I believe in the power of “sorry.”
Like many cliché romantic break-ups, the one I endured with my first love was melodramatic, replete with the same teariness that French movies are made of. He had, the evening before, broken my heart in a series of drunken actions that he had no recollection of the next morning.
As we broke up out at the port of San Francisco, raining, windy, he couldn’t tell me that he was “sorry”—“sorry” for publicly telling me that he no longer loved me; sorry for pushing me around in an inebriated haze in front of his friends, in front of strangers. Somewhere in the background, I could hear the accordions from our French movie soundtrack.
The power of “sorry” is underrated. As of late, Senator and presidential candidate hopeful Hillary Clinton has come under fire for her inability to say “sorry” that she voted for the Iraq war. For some curious reason, being “sorry” for anything has managed to escape the political lexicon of our current administration. We all know what that’s done for them.
Perhaps it’s all an issue of pride. To say “sorry” is to admit guilt. To apologize to your constituents, your ex-girlfriend, your would-be supporters appears weak in ego. It even shows that you are (gasp) infallible.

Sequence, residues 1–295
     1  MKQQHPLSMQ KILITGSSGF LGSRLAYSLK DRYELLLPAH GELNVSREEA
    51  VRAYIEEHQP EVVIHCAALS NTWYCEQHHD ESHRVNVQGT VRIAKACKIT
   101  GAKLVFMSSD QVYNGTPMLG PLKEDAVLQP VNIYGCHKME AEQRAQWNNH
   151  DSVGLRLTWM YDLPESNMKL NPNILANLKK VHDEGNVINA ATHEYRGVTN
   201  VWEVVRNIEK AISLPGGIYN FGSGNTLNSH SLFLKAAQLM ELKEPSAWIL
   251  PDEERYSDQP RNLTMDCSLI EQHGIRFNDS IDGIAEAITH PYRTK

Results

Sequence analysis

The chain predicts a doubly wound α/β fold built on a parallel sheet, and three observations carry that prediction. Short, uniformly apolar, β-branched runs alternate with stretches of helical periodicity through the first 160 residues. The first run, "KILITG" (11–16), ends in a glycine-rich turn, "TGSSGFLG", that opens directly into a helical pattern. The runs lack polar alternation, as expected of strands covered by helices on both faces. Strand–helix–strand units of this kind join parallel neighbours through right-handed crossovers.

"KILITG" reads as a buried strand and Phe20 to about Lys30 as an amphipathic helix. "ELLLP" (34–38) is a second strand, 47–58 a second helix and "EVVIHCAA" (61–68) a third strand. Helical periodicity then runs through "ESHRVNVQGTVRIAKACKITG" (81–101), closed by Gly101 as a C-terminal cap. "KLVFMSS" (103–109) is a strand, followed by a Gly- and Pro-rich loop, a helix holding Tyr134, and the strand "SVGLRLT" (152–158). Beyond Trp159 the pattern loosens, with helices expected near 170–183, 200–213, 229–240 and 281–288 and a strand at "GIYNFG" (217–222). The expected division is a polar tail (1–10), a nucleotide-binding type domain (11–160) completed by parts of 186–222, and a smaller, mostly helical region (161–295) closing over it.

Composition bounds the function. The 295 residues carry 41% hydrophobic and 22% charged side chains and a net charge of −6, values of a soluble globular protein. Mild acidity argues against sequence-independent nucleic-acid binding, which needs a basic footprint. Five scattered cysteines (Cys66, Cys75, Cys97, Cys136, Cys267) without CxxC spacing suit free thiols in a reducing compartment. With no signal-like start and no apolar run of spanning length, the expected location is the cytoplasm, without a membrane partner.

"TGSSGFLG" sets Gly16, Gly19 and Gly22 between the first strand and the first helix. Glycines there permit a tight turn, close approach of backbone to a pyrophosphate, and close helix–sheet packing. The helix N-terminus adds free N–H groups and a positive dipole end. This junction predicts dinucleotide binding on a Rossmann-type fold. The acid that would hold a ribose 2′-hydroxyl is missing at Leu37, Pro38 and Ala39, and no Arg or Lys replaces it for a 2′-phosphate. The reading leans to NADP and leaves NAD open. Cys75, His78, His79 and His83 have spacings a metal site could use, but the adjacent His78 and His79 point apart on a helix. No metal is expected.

I disagree. To say “sorry” isn’t a reflection of weakness but of a humble strength that everyone has but all too often, fails to exercise. When I started my hunt for an agent, I started reading “Getting to Yes,” a book on negotiations. One chapter emphasizes the importance of taking the emotions out of a negotiating situation. Still, if emotions do run high, the authors write, “An apology may be one of the least costly and most rewarding investments you can make.” It’s amazing to me that even a book about navigating power-play logistics testifies to the power of the phrase “I’m sorry for (blank).”
Why is it so hard for us to say that we’re sorry? Many of us readily say it at the smaller things in life—we’re “sorry” for bumping into a stranger as we walk out the door. But those same words are much harder to choke out in situations founded in prideful beliefs of our own infallibility and that of our actions, like when you break someone’s heart or vote for an unjust war. Not that the two are on the same level, but you know what I mean.
I believe in the power of “sorry.” I believe that it overcomes the pride or ignorance that pushed us into a faulty decision, or an action that caused someone else pain. An apology isn’t elaborate. That’s why it’s so powerful. One needs the gravitas and eloquence of a used car salesman to be able to give one. I don’t think I’m entitled to an apology from my ex-boyfriend; I gave up hope on that awhile ago. Maybe he truly wasn’t sorry. Sometimes, though, I think it’d be reassuring that at one point, he wasn’t just a figment from a romance that happened a lifetime ago, and that if he ever were to say, “I’m sorry for that night,” I would feel just a little bit free.
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